The New One-Armed Swordsman (1971)

NewOneArmedSwordsman+1971-1-bThe New One-Armed Swordsman [新獨臂刀] (1971)
AKA Triple Irons

Starring David Chiang, Ti Lung, Li Ching, Ku Feng, Chan Sing, Wong Chung, Lau Gong, Wong Pau-Gei, Wang Kuang-Yu, Wong Ching Ho, Shum Lo, Cheng Lui

Directed by Chang Cheh

Expectations: Super high. I imagine David Chiang can pull off a rather awesome One-Armed Swordsman movie, but we’ll see!


Going into The New One-Armed Swordsman, I was excited. I’m a big fan of the previous One-Armed Swordsman movies, so I expected this is be a retelling of the original with David Chiang in the lead instead of Wang Yu. But this thread of logic forgets one key bit about Chang Cheh: his desire to continue moving forward, specifically not redoing his old pictures time and time again. And The New One-Armed Swordsman is true to its name; it is a completely new character and origin story. While The One-Armed Swordsman is one of the most influential and iconic Hong Kong films of all time, and its sequel Return of the the One-Armed Swordsman is one of the funnest Shaw Brothers films of the 1960s, The New One-Armed Swordsman is easily my favorite of the three. It combines the serious tone of the original and the focus on exciting action that typified the sequel, making The New One-Armed Swordsman nothing but awesome.

The film opens with a rousing bit of music and Lei Li (David Chiang) riding through the hills slaughtering any who comes across his path. He is a young, cocky martial artist, famous for his use of the twin swords. Some devious men frame him for a robbery and this leads him into a fight with Lung Er Zi (Ku Feng). Lung is the man responsible for framing Lei, but he’s running a good front so everyone thinks he’s a paragon of virtue. Anyway, Lung challenges Lei to a duel and whoever loses must cut off their right arm and retire from the martial world. One guess who loses.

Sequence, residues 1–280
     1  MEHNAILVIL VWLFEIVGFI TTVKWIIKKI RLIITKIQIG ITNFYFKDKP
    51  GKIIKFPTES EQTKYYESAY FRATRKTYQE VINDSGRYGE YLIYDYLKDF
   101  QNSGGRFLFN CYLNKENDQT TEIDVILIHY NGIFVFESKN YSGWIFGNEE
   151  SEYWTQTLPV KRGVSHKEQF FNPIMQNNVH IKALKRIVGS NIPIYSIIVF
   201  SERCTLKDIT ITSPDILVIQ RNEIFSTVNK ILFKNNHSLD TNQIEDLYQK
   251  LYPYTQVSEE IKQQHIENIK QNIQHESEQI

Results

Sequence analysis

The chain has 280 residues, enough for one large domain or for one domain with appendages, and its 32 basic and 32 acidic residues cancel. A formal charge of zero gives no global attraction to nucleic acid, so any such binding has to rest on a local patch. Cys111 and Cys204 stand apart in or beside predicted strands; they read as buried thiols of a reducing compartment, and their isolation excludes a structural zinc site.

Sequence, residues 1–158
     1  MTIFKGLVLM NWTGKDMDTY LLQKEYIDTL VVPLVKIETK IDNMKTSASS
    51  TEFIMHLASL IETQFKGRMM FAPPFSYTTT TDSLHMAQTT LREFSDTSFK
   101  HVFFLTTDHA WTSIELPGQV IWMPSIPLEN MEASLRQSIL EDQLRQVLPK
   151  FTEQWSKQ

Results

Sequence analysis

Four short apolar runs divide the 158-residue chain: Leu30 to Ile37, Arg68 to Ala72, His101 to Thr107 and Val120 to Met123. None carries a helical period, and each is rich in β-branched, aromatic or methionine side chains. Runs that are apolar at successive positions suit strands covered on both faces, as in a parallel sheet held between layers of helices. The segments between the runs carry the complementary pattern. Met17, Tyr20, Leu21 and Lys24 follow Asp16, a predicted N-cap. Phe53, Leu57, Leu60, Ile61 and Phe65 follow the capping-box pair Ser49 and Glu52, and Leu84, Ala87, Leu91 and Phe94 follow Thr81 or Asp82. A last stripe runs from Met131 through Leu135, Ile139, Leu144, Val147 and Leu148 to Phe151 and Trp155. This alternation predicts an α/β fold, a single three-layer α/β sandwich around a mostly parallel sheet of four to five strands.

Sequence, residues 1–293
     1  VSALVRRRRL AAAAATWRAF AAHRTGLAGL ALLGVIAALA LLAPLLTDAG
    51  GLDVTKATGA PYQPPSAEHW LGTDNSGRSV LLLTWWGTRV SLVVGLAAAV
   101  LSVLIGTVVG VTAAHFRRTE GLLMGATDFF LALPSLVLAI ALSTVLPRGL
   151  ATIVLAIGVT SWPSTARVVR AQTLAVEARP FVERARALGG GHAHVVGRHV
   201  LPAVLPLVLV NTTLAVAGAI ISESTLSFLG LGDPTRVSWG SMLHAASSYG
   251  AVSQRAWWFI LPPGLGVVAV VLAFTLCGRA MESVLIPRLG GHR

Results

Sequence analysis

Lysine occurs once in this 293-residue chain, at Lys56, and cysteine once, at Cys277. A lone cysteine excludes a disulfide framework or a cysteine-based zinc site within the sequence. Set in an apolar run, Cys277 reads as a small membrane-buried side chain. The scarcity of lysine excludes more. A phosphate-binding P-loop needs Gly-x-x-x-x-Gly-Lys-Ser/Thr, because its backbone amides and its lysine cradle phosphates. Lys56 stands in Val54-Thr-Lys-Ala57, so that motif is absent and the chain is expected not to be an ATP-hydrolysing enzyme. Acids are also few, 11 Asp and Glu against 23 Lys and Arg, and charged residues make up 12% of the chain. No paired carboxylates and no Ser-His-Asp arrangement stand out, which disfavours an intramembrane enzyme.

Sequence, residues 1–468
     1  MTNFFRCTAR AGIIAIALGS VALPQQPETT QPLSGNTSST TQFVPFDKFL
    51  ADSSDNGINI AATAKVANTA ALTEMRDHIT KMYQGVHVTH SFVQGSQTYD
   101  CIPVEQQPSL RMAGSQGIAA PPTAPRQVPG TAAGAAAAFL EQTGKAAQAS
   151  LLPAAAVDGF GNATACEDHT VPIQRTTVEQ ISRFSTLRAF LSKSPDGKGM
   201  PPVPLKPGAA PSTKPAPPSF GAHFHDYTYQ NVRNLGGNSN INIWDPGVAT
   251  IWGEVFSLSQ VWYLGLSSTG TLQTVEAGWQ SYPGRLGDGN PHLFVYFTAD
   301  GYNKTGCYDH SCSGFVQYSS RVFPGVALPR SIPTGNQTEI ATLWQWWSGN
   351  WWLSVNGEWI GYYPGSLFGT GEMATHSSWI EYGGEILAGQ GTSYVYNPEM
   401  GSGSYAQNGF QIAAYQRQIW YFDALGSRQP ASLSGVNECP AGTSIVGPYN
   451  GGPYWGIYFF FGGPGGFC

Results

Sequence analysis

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King Eagle (1971)

KingEagle+1970-1-bKing Eagle [鷹王] (1971)

Starring Ti Lung, Li Ching, Cheung Pooi-Saan, Cheng Miu, Wang Kuang-Yu, Wong Chung, Cheng Lui, Lau Gong, Chan Sing, Yau Lung, Lee Sau Kei, Bruce Tong Yim-Chaan, Tung Li, Hung Lau, Tang Chia, Chan Chuen

Directed by Chang Cheh

Expectations: Moderately high. I’m interested to see what Chang Cheh can bring to a wuxia film after his other films.